Daily Trust

President Buhari’s nomination of Lauretta Onochie to INEC is explicitly unconstitu­tional


President Buhari’s nomination of his Special Assistant on Social Media as a National Commission­er for the National Electoral Commission (INEC) was something of a surprise. Hearing the President’s nomination­s to the INEC read to the Senate on Tuesday, I first thought there must be a mix-up. After all, another set of nominees for the Federal Roads Maintenanc­e Agency was presented first. Sadly, I was wrong.

Now I am not naïve: I am well aware that any political leader will seek to place themselves and their party at an advantage. This action falls into that category. But Onochie is explicitly disqualifi­ed by the constituti­on from taking a seat on the board of INEC. I had never imagined that President Buhari would put his signature on something so brazenly unconstitu­tional. Even with the chilling demystific­ation of the last five years, I still thought he’s better than this.

Our constituti­on couldn’t be more clear that INEC is an independen­t body. That is precisely why the framers of the 1999 Constituti­on included that very word in the agency’s name. Past electoral bodies did not include ‘independen­t’ in their name, because they were not: the Federal Electoral Commission (FEDECO) that conducted the 1979 and the controvers­ial 1983 elections, the National Electoral Commission (NEC), which managed the three-year transition programme that ended with the annulled 1993 elections, and the National Electoral Commission of Nigeria (NECON) that was establishe­d by General Sani Abacha to spearhead his transition programme that was aborted by his death in 1998. Having seen the result of electoral watchdogs becoming an extension of the ruling party’s secretaria­t and seeking to lay a solid foundation for a strong democracy, the framers of the 1999 Constituti­on deliberate­ly and purposeful­ly inserted “independen­t” into the name of the new commission for the first time in our constituti­onal history.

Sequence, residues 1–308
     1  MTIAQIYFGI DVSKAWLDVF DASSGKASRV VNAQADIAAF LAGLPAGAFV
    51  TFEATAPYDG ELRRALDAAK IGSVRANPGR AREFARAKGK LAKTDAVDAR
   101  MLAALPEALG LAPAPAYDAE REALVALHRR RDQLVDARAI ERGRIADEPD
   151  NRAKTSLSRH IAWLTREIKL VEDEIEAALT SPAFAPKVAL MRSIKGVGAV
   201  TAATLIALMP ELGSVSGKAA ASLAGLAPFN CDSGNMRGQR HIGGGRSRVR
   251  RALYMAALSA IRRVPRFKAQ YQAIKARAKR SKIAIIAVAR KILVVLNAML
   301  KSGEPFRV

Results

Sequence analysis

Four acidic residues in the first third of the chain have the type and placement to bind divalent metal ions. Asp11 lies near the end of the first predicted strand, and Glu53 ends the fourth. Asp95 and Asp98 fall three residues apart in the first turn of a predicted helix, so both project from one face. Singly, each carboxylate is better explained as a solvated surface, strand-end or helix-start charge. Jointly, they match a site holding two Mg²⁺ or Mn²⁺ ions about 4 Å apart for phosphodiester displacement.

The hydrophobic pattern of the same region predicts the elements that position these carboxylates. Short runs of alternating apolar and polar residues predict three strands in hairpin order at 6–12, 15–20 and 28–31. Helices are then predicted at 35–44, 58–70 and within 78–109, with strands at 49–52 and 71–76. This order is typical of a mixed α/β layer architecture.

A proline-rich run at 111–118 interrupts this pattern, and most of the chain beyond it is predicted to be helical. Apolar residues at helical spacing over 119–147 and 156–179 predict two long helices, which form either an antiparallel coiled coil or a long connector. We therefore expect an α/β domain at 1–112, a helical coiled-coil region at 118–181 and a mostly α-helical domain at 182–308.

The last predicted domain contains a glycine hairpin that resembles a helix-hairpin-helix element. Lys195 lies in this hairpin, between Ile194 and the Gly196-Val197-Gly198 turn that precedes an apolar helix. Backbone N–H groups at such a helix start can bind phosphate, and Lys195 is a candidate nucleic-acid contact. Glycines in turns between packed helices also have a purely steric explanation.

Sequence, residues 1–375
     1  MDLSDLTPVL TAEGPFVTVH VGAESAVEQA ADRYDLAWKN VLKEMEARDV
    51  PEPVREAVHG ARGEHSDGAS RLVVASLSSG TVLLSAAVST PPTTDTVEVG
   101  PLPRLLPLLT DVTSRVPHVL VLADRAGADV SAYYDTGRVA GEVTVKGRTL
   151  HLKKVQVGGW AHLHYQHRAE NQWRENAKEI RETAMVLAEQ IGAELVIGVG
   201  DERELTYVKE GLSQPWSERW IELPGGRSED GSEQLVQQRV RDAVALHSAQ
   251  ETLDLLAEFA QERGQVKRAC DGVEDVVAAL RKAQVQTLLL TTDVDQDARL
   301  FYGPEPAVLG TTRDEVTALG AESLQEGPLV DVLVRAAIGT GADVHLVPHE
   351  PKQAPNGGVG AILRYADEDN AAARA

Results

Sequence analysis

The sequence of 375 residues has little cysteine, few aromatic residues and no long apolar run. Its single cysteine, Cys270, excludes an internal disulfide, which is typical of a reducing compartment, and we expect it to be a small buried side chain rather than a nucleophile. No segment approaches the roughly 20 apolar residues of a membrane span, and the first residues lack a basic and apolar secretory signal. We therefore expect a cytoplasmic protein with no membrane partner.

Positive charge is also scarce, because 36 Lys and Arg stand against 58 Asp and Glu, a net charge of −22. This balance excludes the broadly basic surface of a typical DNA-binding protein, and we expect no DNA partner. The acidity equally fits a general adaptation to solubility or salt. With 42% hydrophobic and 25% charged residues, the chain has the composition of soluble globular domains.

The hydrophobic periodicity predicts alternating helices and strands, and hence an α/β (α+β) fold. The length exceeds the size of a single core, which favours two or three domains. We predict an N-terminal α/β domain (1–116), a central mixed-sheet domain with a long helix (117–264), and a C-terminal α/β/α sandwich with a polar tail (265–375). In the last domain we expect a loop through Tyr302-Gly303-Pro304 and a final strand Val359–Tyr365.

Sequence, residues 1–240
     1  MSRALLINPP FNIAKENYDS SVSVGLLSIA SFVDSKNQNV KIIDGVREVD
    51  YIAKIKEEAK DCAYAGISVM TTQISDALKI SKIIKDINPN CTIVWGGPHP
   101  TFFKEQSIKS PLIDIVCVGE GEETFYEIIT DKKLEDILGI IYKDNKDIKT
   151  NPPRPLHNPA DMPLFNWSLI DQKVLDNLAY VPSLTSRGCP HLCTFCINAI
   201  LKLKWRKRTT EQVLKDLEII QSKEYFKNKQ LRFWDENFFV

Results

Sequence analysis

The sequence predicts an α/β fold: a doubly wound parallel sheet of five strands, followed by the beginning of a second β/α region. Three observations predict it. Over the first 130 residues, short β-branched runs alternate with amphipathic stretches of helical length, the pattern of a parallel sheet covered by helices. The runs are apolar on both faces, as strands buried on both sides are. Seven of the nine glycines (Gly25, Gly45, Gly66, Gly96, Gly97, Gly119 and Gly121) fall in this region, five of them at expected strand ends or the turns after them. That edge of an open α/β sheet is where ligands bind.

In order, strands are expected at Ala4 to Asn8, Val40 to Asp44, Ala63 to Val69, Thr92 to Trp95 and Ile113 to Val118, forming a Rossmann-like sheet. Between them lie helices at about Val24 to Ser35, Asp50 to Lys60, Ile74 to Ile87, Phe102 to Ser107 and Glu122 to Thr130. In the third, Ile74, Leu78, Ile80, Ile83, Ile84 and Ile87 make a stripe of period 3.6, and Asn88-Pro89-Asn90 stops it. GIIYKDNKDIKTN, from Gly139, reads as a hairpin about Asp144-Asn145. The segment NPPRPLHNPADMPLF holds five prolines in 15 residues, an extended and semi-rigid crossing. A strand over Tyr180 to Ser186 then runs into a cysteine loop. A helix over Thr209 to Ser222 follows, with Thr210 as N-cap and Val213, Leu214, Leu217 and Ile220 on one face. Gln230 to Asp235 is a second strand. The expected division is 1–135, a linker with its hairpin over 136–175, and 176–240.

They wanted it engraved in the minds of every Nigerian that INEC is always expected to be free from all kinds of interferen­ce. To ensure this intention didn’t end up as so much worthless paper, the framers went further, making copious provisions to shield the body from unscrupulo­us politician­s and civil servants. Section 154 requires the president to consult the Council of State before appointing the chairman and members of INEC and subjects such appointmen­t to confirmati­on by the Senate. Section 155 stipulates five years as the statutory tenure of chairperso­n and members and Section 157 provides that they can only be removed for reasons specifical­ly outlined by the constituti­on, and that such removal must be supported by a two-thirds majority of the Senate. The constituti­on further provided that INEC shall not be subjected to the direction or control of any other authority or person.

Having experience­d substantia­l delays from the executive branch in the disburseme­nt of funds to INEC during the 1999, 2003 and 2007 elections, it was thought that the body needed and deserved even stronger autonomy. Thus, the First Alteration of the Constituti­on in 2010 included provisions that gave INEC financial freedom by disbursing its funds directly from the Consolidat­ed